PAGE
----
Outside the SUB, police came out and charged again. My sister and I leaped off the elevated patio onto the pavement and ran away to a safe distance. We saw Ella in the middle of all the chaos, trying courageously to get that perfect shot. At this point I was too scared to rejoin the fray and afraid of being separated from my sister. I grabbed her hand whenever I decided to run somewhere. I remember hearing protesters chanting, “We see you, we love you, we will get justice for you” at the SUB windows, watching those who sat on the floor inside with their hands zip-tied. I went up to the window and made eye contact with someone I knew. They smiled at me. This made me sad. By the end of the night, the birds were singing, and it was 5:30 a.m. We stayed up all night and we weren’t tired. When we got home, I curled up in a chair in the corner. My mom texted about how she was proud of my sister and me, because she was a journalist and did the exact same thing in the ‘80s. 


During the summer of 2020 protests, the only source I followed was the Daily Lobo. I appreciated their journalism at the time because it showed me what was really happening on the ground. While Leila and I closely read and watched the coverage, we had no aspirations or imagination that we would ever be covering a protest and encountering riot police ourselves.  

Leila, Ella and I all went to the solidarity rally the first day we found out it was happening, with the intention of shooting video and taking photos. Shortly after we arrived, Ella and I got the opportunity to report on it as well, while Leila recorded video. So, we followed the story as the day progressed. I remember the moment the march ended at the Duck Pond. I saw people bringing out camping gear and starting to pitch tents. I thought of the encampments at other universities nationwide. That evening there was a police presence, but nothing like what happened a week later.  

After seven days of covering the encampment, protesters moved to occupy the SUB. I was not nervous until we heard there were 29 State Police vehicles staged on campus, and protesters were filling out jail forms. Despite speaking on the phone with our editors about how it is wrong to arrest a journalist, we were still afraid, especially as UNM students in the SUB after hours — technically a violation of the student code of conduct. The only thing that kept me from being totally afraid of arrest was that there were journalists from other outlets, including Shaun Griswold of Source New Mexico, also covering the protests. I felt safe around them. 

After asking protesters why they were willing to risk arrest, they all shared a common response: This issue is bigger than themselves. Some said legal or academic consequences were nothing compared to what is happening to children in Gaza.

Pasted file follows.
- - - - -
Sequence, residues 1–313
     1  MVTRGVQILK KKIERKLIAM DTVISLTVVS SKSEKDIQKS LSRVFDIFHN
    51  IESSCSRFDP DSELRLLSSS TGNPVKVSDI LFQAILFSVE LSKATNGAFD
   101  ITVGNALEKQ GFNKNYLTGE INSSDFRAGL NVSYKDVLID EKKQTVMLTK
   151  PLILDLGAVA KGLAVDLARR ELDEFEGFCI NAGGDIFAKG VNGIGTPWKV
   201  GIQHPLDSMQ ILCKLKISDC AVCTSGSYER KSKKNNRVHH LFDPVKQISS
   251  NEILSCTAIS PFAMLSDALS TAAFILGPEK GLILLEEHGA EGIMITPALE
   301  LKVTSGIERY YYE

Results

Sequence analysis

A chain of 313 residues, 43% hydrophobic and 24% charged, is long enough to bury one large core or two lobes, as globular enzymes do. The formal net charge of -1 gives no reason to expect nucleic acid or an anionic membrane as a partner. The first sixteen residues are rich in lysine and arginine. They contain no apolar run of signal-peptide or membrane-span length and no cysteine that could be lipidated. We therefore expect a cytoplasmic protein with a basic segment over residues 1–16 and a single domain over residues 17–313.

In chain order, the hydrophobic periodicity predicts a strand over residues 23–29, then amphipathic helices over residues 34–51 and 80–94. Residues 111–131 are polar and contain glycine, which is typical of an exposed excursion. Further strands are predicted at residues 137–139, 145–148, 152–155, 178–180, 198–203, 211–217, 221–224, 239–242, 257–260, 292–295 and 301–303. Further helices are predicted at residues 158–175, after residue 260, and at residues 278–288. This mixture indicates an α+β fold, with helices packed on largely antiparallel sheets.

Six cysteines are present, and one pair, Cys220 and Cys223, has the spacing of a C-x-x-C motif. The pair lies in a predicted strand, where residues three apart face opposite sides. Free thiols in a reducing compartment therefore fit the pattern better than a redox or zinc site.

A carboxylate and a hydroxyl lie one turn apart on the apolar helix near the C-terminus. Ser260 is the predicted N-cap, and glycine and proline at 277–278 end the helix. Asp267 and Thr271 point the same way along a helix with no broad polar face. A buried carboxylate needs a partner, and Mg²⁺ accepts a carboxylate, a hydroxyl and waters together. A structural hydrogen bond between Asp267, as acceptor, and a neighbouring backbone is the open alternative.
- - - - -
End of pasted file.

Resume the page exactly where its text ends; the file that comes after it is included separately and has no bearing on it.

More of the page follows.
As time passed, we waited, and sometimes doubted that police would show up. I was dozing off at my computer trying to write an essay that was due the next day, but suddenly I was wide awake at 3 a.m., when police entered the SUB in full riot gear. I immediately started recording audio, and the protesters, who had also been sleeping and doing homework, blocked doors with furniture and held makeshift shields. When the cops all charged at once, I immediately ran backwards, until I saw them tackling a student we knew from covering the encampment all week. During this moment, I did not feel any fear, because I was more shocked to see him being treated that way. I wanted it to be documented. I was shouting at Leila to record it, which she did until a cop pulled us toward the door. When we were outside, the cops continued to follow the group, using pepper spray. I could hear the cries of one person who was sprayed, which was difficult because I’d never heard anything like that before. I remember being with Leila, but we couldn’t find Ella. I was imagining that she had been trampled on her way out the door, but then I saw her taking photos in the crowd, somehow dodging the pepper spray.  

Once things had calmed down, police were escorting people into their cars. Leila, Ella and I thought we could interview a State Police officer as he was taking someone out in handcuffs. We repeatedly asked if he was arresting or detaining the protesters, and he ignored us. Looking back, the three of us all agree that we were experiencing an adrenaline rush, and normally we probably wouldn’t do that.  

I didn’t realize how tense I had been the whole time until I got home that morning. Leila and I were still in shock and barely spoke to each other. We didn’t talk about it much until the next day when we were working on the article and video in the newsroom with our editor, Lily Alexander. 

– Ella Daniel, Paloma Chapa and Leila Chapa, Daily Lobo journalists